NTIA’s Evan Feinman spoke about what states need to keep in mind as they prepare for BEAD funds.

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Photo of Evan Feinman from AEI

WASHINGTON, May 18, 2022 – The National Telecommunications and Information Administration webinar event on Tuesday focused on the Broadband Equity, Access, and Deployment Notice of Funding Opportunity. The webinar highlighted three important items to keep in mind as states begin to receive money for broadband planning.

The first, according to Evan Feinman, deputy associate administrator for BEAD, was for states to consider your office’s capacity. Each state will receive a minimum of $100 million. Very few states have the human resources required to adequately run a program of this magnitude, he said.

The second is to build up research and data collections of broadband coverage at a state level. The Federal Communications Commission will soon release a new mapping system. It will be necessary, said Feinman, to “engage meaningfully” with these maps using state’s own research and data. Furthermore, states should have the necessary data to engage with internet service providers and the NTIA as they determine who is served and unserved.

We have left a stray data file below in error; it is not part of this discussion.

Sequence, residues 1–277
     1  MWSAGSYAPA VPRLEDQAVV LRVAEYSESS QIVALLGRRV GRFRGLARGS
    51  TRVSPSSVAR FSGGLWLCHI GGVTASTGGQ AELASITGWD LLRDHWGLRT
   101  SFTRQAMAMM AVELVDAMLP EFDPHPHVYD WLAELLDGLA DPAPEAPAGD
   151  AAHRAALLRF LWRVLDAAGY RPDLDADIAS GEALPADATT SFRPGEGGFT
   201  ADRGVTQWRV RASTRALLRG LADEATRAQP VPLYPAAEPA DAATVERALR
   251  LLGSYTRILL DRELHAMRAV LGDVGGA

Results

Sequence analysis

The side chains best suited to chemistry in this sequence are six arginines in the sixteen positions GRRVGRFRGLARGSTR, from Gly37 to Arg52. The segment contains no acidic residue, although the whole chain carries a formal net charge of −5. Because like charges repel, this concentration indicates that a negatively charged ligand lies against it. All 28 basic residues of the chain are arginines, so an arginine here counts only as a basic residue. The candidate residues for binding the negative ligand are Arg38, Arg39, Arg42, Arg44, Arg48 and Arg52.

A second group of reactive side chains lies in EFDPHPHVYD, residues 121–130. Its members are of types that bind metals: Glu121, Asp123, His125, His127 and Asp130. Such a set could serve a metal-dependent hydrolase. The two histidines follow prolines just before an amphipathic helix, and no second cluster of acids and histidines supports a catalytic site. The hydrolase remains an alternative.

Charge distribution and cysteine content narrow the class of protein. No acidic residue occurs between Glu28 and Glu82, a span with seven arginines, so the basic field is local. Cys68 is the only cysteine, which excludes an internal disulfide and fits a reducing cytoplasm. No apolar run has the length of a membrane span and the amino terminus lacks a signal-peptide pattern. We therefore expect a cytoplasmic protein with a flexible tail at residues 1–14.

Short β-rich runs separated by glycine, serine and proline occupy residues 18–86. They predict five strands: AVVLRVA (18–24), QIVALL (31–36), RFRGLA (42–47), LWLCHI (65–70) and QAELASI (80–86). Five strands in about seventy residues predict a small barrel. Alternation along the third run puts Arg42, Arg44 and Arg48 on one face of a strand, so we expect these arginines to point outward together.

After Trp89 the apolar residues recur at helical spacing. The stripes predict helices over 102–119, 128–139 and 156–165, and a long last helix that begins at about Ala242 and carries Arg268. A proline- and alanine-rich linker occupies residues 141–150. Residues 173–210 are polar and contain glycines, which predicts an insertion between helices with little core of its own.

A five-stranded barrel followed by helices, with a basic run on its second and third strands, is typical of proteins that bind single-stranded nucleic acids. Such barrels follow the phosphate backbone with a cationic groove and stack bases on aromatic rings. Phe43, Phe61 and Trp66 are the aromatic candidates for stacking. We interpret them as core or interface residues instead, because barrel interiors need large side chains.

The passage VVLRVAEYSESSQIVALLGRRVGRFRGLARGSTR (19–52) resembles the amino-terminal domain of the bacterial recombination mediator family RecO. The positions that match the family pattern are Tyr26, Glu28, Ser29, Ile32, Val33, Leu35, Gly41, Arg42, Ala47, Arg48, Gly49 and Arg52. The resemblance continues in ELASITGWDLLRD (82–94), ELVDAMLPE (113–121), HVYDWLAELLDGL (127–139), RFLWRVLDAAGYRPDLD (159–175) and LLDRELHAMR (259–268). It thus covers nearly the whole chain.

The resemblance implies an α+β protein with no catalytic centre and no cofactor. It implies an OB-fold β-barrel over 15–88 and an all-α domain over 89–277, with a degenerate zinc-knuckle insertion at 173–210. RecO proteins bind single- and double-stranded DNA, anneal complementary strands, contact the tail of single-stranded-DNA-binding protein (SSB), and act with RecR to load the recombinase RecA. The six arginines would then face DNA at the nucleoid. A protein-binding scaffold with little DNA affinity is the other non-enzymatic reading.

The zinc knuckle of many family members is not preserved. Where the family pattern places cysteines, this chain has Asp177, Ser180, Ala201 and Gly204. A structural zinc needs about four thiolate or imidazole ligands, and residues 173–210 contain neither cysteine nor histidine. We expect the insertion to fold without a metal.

Third, states should develop a clear-cut plan for outreach and communication support with stakeholders. Stakeholders include telecom providers, tribal governments, local governments, and community organizations.

The planning step is a great point for stakeholders to become involved in the process, said Feinman. “There is an expectation that lives throughout this program that folks are going to engage really thoroughly and in an outgoing way with their stakeholders.”

See other articles on the NTIA webinars issues in the wake of the Notices of Funding Opportunity on the Broadband.Money community:

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FCC

Treasury Department Joins FCC, USDA and NTIA in Collaborating on Broadband Funding

Agency leaders sign pact to formalize information-sharing on broadband deployment projects.

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Photo of Janet Yellen from January 2018 by the European Central Bank

WASHINGTON, May 13, 2022—Just in advance of the deadline for the release of the funding requirements under the Infrastructure Investment and Jobs act, the four principal federal agencies responsible for broadband funding released an interagency agreement to share information about and collaborate regarding the collection and reporting of certain data and metrics relating to broadband deployment.

The agencies are the Federal Communications Commission, the U.S. Department of Agriculture, the National Telecommunications and Information Administration of the Commerce Department, and the U.S. Department of the Treasury.